It will be understood that when a component is referred to as being “on,” “connected to” or “coupled to” another component, it can be directly on, connected to or coupled to the other component or intervening components may be present. In contrast, when a component is referred to as being “directly on,” “directly connected to” or “directly coupled to” another component, there are no intervening components present. As used herein, the term “and/or” includes any and all combinations of one or more of the associated listed items.
It will be understood that, although the terms first, second, third, etc. may be used herein to describe various elements, components, regions, layers and/or sections, these elements, components, regions, layers and/or sections should not be limited by these terms. These terms are only used to distinguish one element, component, region, layer or section from another element, component, region, layer or section. Thus, a first element, component, region, layer or section discussed below could be termed a second element, component, region, layer or section without departing from the teachings of the example embodiments.
Spatially relative terms, such as “beneath,” “below,” “lower,” “above,” “upper” and the like, may be used herein for ease of description to describe one component or feature's relationship to another component(s) or feature(s) as illustrated in the drawings. It will be understood that the spatially relative terms are intended to encompass different orientations of the device in use or operation in addition to the orientation depicted in the figures.
The terminology used herein is for the purpose of describing particular example embodiments only and is not intended to be limiting. As used herein, the singular forms “a,” “an” and “the” are intended to include the plural forms as well, unless the context clearly indicates otherwise. It will be further understood that the terms “comprises” and/or “comprising,” when used in this specification, specify the presence of stated features, integers, steps, operations, elements, and/or components, but do not preclude the presence or addition of one or more other features, integers, steps, operations, elements, and/or components.
Unless otherwise defined, all terms (including technical and scientific terms) used herein have the same meaning as commonly understood by one of ordinary skill in the art to which example embodiments belong. It will be further understood that terms, such as those defined in commonly used dictionaries, should be interpreted as having a meaning that is consistent with their meaning in the context of the relevant art and will not be interpreted in an idealized or overly formal sense unless expressly so defined herein.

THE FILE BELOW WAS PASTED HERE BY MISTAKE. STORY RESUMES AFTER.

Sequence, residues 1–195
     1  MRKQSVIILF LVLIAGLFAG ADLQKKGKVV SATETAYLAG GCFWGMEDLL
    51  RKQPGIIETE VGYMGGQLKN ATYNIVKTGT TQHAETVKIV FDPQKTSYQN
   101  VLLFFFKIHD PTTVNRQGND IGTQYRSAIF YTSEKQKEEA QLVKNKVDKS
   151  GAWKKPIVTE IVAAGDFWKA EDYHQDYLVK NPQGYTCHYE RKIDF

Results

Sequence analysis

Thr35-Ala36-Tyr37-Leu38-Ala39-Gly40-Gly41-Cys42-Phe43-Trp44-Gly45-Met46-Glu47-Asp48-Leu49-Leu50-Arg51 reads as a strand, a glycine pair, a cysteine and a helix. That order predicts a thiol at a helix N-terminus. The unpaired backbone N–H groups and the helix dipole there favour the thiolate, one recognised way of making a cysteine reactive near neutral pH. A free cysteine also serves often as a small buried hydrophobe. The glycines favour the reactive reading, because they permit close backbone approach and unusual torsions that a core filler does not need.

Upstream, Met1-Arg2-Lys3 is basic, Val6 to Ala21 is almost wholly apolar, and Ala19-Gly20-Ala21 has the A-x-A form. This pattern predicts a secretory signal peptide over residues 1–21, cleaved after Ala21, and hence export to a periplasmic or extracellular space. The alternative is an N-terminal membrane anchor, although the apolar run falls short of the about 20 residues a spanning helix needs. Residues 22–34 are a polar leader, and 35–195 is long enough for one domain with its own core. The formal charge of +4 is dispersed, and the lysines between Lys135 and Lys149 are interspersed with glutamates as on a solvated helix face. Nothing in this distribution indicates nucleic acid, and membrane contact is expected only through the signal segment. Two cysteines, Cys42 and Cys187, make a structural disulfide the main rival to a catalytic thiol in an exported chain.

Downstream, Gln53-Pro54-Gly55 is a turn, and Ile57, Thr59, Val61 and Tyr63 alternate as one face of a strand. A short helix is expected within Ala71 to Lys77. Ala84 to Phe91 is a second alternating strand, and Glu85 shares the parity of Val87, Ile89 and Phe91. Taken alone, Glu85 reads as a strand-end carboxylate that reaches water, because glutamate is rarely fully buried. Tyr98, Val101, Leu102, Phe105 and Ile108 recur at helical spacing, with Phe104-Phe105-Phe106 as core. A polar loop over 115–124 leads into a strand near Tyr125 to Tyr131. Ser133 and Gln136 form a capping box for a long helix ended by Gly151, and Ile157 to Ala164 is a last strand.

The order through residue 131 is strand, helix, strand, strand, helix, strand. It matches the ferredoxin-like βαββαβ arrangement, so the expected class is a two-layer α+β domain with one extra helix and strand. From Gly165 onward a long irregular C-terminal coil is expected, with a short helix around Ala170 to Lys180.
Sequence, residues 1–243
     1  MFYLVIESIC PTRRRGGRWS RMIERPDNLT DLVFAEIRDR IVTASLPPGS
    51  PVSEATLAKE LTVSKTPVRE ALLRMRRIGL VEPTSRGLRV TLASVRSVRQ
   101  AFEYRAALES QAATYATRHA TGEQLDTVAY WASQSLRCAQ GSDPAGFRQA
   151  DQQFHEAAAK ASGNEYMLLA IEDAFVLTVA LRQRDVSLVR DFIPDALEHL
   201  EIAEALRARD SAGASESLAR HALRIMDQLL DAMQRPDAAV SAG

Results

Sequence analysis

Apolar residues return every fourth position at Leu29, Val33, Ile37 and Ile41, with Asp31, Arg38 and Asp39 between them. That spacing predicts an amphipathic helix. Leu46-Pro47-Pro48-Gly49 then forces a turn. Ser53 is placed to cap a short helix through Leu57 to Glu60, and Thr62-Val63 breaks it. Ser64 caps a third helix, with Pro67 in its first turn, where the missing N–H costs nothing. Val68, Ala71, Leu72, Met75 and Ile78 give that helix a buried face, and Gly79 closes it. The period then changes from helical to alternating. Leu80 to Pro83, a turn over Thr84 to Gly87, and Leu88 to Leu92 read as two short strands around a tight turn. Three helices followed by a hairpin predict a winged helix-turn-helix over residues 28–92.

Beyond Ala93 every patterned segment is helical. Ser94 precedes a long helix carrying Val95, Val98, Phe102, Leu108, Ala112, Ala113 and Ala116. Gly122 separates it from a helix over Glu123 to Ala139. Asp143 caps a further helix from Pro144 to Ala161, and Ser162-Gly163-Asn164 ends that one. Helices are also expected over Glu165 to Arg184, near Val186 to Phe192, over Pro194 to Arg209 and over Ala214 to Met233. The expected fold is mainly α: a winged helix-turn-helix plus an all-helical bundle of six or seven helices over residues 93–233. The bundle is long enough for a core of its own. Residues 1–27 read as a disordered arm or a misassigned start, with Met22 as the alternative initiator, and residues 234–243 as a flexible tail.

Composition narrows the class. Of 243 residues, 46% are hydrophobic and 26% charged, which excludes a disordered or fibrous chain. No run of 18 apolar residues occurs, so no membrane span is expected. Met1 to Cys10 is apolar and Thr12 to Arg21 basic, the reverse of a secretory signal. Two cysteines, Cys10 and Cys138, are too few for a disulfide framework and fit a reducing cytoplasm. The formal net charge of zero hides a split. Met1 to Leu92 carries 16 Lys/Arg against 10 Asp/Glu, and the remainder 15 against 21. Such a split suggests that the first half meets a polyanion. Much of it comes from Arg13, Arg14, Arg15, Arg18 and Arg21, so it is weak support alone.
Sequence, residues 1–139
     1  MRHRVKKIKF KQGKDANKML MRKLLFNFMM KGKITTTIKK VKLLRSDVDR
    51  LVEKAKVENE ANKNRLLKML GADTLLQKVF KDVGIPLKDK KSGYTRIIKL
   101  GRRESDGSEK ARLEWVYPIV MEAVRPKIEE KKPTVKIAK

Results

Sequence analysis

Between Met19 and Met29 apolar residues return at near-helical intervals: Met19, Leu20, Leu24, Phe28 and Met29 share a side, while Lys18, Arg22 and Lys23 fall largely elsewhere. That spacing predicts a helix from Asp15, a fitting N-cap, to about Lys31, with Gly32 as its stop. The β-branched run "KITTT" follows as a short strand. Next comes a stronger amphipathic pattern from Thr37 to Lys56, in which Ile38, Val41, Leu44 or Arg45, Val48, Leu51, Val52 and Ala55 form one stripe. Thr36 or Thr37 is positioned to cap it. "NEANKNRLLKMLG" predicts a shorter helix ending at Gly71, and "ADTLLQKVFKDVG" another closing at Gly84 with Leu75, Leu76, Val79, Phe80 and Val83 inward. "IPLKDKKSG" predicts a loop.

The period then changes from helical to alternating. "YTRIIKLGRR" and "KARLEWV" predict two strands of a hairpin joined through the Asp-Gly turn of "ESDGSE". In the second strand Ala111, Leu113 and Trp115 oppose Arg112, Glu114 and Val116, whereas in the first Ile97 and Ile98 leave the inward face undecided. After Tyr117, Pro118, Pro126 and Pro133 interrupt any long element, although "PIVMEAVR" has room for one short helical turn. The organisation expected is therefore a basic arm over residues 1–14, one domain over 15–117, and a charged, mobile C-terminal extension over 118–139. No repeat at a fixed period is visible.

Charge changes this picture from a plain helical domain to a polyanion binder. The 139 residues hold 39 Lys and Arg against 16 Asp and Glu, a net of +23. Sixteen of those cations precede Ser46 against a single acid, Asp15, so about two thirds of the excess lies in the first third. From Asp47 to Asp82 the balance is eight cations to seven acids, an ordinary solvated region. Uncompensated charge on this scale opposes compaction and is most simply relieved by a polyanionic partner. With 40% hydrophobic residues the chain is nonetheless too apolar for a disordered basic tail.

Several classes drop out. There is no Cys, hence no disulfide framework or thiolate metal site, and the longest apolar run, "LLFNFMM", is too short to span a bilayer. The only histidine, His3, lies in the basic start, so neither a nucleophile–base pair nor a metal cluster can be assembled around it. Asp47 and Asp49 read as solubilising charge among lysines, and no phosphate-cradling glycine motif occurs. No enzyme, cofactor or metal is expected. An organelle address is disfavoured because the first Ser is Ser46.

Reference will now be made to example embodiments, which are illustrated in the accompanying drawings, wherein like reference numerals refer to the like components throughout.
In order to maintain a desired, or alternatively, a predetermined electrical conductivity and/or a desired, or alternatively, a predetermined favorability (i.e., Q quality factor value), a beam material for a beam included in a nano-resonator may need to be modified. In order to use silicon carbide at a higher frequency, the conductivity of the silicon carbide may need to be increased. However, a method of diffusing metal with silicon carbide has not been developed.
Therefore, according to example embodiments, conductivity of a beam may be maintained while maintaining the characteristic of the higher frequency of the beam by vapor-depositing a metal having a lower density than a silicon carbide resonator of the beam so that the beam may endure a higher vibration.
According to an example embodiment, a sandwich structured beam may include a support layer, e.g., a metal layer 213, may be vapor-deposited on a silicon carbide resonator 211 having higher-frequency characteristics. The metal layer 213 may have a lower density than a density of the silicon carbide resonator 211. A sacrificial layer 212 may be interposed between the metal layer 213 and the silicon carbide resonator 211. The sacrificial layer 212 may provide a stronger connection between the metal layer 213 and the silicon carbide resonator 211 that may endure higher frequency vibration. The metal layer 213 may include all conductors, including metals having lower density.
The beam 110 having a composite structure as shown in
For a high frequency vibration of the beam 110 in more practical conditions, for example about room temperature, about a 1 Torr vacuum and about a 0.7 T B field, a material having a better conductivity than the silicon carbide resonator 211 and a lower density than the silicon carbide resonator 211 may need to be vapor-deposited on the sacrificial layer 212 to form the metal layer 213. Aluminum (Al), gold (Au) and/or copper (Cu) are examples of a material which may be deposited on the sacrificial layer 212 to form the metal layer 213. However, example embodiments are not limited thereto, and any conductor may be deposited on the sacrificial layer 212 to form the metal layer 213. However, if copper is used as the metal conductor in forming the metal layer 213, the sacrificial layer 212 may be omitted.
If aluminum is included in the metal layer 213, the sacrificial layer may include chromium. If the metal layer 213 includes aluminum, an oxide layer may be vapor-deposited on the metal layer 213, thereby reducing oxidation, prolonging the lifespan, increasing a hardness, and/or increasing a frequency region of the beam 110.
A stronger vapor-deposition that may endure a higher frequency resonance may be required. In other words, the beam 110 may need to have better mechanical stiffness and/or better endurance against an external force even if an aspect ratio is higher, and/or the beam 110 may need to mechanically endure a vibration occurring if a resonance vibration is generated.
Accordingly, the sacrificial layer 212 may be interposed between the two materials of the silicon carbide resonator 211 and the metal layer 213. For example, chromium may be applied as the sacrificial layer 212. However, a type of the sacrificial layer 212 may be different depending on a type of the conductor included in the metal layer 213.